Thursday, July 21, 2016

How healthy do you feel?

. . . the researchers looked at 65 different mortality risk factors as they tracked participants through the later years of their lives. Once the number crunching was finished, the factor that rose to the top was surprisingly simple and straightforward.

The most sensitive measure of longevity was the individual’s own subjective evaluation of how healthy he or she felt. In other words, a person reporting that he or she feels healthy outweighed any other single predictor of a long life, including any medical measures such as cholesterol levels and blood pressure.'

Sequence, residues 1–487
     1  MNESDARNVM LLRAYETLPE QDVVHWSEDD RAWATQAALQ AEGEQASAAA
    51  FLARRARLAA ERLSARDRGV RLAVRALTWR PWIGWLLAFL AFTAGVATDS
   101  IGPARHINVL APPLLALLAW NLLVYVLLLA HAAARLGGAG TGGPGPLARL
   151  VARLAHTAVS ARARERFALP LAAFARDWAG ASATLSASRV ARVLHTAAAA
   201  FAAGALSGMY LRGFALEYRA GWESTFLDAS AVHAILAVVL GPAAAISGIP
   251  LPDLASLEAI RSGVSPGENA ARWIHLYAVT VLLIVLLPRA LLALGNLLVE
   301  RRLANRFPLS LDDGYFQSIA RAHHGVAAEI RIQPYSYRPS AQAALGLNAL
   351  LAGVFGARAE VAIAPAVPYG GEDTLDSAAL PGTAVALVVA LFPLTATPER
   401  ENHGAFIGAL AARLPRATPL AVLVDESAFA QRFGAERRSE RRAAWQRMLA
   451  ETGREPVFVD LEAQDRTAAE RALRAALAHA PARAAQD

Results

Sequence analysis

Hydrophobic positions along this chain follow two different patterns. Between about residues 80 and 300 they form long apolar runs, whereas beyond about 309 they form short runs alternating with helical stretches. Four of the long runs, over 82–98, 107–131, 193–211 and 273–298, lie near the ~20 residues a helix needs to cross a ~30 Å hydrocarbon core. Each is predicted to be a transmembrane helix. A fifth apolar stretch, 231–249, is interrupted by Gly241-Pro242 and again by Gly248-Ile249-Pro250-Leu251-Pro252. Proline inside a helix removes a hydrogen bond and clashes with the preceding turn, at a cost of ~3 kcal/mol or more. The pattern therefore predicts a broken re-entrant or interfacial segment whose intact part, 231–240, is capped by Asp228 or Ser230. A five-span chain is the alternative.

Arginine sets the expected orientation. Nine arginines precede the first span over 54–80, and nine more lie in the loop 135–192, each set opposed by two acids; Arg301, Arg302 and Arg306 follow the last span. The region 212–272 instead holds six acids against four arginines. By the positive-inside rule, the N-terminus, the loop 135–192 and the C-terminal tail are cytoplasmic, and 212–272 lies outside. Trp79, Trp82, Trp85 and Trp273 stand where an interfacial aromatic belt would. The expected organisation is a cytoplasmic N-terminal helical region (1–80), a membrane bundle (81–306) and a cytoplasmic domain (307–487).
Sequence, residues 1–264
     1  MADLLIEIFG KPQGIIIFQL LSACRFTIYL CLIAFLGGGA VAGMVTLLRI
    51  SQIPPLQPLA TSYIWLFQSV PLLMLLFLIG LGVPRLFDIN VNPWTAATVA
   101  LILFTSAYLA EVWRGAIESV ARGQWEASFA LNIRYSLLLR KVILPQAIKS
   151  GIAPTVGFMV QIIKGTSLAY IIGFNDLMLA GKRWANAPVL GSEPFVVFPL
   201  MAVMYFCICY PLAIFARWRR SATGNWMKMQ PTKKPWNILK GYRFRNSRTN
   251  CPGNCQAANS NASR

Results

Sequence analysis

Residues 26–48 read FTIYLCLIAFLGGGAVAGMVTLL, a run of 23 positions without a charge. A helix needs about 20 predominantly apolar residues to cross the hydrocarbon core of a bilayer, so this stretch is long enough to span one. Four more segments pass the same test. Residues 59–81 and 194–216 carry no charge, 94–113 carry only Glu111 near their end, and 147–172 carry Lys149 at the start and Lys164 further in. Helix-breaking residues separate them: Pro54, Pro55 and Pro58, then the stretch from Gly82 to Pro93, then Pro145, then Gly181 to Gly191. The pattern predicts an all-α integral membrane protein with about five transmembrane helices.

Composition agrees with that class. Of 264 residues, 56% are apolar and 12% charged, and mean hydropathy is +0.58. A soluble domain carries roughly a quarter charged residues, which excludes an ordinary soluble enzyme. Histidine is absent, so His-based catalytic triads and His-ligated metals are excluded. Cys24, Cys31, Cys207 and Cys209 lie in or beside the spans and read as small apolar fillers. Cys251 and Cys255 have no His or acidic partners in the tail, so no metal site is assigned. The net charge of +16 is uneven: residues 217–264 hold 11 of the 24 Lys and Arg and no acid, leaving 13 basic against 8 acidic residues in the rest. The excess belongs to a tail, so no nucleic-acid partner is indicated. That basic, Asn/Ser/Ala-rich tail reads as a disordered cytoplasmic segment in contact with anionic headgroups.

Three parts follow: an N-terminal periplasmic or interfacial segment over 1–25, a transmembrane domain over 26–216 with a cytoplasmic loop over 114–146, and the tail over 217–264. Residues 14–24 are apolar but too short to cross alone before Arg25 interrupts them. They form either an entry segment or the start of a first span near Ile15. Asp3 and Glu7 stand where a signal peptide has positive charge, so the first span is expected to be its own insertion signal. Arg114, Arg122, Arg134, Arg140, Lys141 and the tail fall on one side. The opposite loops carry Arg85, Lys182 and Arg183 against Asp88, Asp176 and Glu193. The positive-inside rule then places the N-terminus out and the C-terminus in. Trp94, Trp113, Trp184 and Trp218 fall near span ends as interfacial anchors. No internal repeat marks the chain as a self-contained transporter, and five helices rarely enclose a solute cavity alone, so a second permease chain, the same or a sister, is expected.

It's hard for someone with diabetic neuropathy or COPD to report "I feel healthy." Unless they lie.  Unless they just haven't been to the doctor in years and don't know better.  Having a positive attitude and a fulfilling life is different.  I have a friend about 80 with a wonderful sense of humor, bright fulfilling volunteer life, and so many ailments she should be in a text book.